Next month, it will be 48 years since the last execution on British soil. Internationally, more countries than ever have been electing to also abandon the death penalty. Amnesty International’s latest report on death sentences and executions shows that the number of countries retaining capital punishment has decreased by one third over the last decade. More countries than ever are also instituting moratoriums on the practice. However, Amnesty reports that 149 more people were known to be executed in 2011 than in 2010. In the Middle East in particular, 2011 saw a steep rise in the number of recorded executions. The Chinese government have also resisted publishing their death penalty statistics, although the number put to death annually has been estimated to be in the thousands.
The position of the UK government – and the Liberal Democrats – on capital punishment is clear. We oppose the death penalty in all circumstances as a matter of principle. We believe it undermines human dignity, there is no conclusive evidence of its deterrent value, and any miscarriage of justice leading to its imposition is irreversible and irreparable. Last year on World Day against the Death Penalty, I wrote an article here on Liberal Democrat Voice. Then, as now, I am proud to be standing up for our values at home and overseas with our international partners. However, our work is far from over.
As a Minister in the Foreign Office, I often travel to countries which still use the death penalty as part of their sentencing regime. I regularly raise the issue with my counterparts and have made several interventions on specific cases. Although the number of countries using the death penalty has decreased many still have Capital Punishment in their penal code. In South Korea, which has had a moratorium in place for fifteen years, I advocated its abolition in a speech I gave at Korea University. In India, I raised my concerns over the possibility of their seven year moratorium being breached regarding a specific case. While I was in Japan, I met with the Japanese Parliamentary League for Abolition and raised the issue of Japan’s use of the death penalty with the then-Senior Vice Minister of Justice Taki. In Westminster, I regularly host meetings with NGOs, academics and interested parties in a group on the abolition of the death penalty worldwide. The last meeting, held in March, focussed on plans for the FCO’s work on the death penalty in the US, China and Iraq.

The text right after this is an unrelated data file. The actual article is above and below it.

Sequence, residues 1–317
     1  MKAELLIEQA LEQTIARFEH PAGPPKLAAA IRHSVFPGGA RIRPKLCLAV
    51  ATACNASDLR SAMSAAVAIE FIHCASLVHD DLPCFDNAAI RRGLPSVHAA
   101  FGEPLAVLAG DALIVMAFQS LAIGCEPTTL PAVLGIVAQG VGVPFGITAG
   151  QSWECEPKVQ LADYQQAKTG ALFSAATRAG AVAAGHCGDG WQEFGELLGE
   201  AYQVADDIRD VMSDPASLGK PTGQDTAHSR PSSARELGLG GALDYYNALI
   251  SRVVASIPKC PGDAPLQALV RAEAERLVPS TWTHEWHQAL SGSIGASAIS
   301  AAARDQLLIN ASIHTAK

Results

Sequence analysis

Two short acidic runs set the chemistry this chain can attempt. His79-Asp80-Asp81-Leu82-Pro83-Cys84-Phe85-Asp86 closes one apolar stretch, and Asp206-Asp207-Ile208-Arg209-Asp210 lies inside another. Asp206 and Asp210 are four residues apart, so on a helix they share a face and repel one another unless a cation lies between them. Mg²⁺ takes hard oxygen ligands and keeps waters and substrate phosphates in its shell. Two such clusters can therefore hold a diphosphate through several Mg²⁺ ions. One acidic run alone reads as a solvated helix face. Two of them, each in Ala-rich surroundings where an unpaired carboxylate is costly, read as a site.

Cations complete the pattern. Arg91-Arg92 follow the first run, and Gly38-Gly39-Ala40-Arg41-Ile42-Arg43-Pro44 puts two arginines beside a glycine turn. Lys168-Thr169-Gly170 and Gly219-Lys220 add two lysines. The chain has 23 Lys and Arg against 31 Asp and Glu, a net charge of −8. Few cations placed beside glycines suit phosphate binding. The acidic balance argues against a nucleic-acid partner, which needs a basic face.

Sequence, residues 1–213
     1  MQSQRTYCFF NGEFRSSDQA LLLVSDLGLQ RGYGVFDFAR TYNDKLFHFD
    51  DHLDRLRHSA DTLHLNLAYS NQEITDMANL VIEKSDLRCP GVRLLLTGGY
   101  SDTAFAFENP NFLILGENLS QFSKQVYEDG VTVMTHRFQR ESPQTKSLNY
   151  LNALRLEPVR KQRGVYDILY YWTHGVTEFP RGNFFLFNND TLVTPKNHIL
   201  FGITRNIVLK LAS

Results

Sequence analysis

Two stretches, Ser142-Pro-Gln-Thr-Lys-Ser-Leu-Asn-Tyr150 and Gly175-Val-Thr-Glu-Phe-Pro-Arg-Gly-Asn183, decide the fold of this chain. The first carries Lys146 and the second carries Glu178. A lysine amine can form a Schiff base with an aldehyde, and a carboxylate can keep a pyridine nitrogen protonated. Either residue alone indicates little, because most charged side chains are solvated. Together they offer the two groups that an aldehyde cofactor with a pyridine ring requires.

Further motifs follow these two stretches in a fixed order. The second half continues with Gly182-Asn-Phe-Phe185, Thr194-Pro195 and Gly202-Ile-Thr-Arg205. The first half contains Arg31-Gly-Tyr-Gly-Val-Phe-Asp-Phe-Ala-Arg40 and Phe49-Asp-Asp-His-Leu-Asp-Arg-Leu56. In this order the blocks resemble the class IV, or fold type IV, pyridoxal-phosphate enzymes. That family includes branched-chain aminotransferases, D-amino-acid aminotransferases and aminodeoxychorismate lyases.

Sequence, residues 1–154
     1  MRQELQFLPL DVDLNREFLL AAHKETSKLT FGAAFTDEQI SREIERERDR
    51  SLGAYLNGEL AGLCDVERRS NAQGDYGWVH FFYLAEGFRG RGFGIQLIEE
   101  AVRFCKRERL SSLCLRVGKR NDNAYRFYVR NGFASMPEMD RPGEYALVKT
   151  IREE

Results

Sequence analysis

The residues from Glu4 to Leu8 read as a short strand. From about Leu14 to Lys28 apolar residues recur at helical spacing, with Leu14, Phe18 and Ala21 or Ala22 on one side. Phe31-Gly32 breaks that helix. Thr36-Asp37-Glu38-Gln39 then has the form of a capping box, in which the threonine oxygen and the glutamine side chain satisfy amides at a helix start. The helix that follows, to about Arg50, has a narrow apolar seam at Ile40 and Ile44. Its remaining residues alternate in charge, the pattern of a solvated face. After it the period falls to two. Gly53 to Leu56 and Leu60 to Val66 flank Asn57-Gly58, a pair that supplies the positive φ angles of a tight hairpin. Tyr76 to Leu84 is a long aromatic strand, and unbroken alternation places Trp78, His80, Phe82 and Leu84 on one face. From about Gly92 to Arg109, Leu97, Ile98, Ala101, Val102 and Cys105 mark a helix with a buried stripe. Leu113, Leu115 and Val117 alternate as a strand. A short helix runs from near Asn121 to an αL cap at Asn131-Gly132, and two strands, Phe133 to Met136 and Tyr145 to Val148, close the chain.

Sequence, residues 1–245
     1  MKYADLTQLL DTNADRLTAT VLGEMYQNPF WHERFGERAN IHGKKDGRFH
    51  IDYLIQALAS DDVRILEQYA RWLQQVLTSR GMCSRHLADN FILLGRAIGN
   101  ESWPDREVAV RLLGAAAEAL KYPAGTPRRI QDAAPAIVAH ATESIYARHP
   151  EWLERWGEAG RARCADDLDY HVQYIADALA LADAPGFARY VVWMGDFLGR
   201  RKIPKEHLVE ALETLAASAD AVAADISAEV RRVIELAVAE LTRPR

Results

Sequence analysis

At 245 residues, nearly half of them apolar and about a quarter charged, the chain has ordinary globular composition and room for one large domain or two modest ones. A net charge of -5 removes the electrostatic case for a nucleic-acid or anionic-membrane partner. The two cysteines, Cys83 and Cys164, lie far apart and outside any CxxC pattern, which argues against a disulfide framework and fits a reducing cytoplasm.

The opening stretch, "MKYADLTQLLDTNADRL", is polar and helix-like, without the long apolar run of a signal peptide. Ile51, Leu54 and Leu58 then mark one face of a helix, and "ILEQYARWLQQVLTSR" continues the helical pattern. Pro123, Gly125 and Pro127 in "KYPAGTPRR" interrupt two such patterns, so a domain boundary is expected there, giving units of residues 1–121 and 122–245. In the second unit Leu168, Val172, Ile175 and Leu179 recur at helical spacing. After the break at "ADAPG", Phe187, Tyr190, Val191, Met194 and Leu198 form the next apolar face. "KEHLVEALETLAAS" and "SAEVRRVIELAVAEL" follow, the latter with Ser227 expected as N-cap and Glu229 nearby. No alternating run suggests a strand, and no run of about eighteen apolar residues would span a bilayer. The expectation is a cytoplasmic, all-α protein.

Last month, the Government announced the introduction of controls on the export of the anaesthetic Propofol to the United States, when it is in a form suitable for lethal injection. This follows a two-year process this Government began to control the export of Sodium Thiopental to the US. This is a drug that is sometimes part of the ‘cocktail’ used during lethal injections. The decision to apply export controls was taken after concerns were expressed that UK drugs may have been used in executions in some States. These controls were extended to three additional drugs last year, and this prompted the introduction at the end of 2011 of EU-wide measures to control the export of a range of drugs which can be used for the purpose of lethal injection.
This is progress but there is clearly still a long way to go before the death penalty is abolished worldwide. However, I am committed to keeping the pressure up on countries like China and the United States, in the hope that one day they too will be celebrating almost half a century without capital punishment.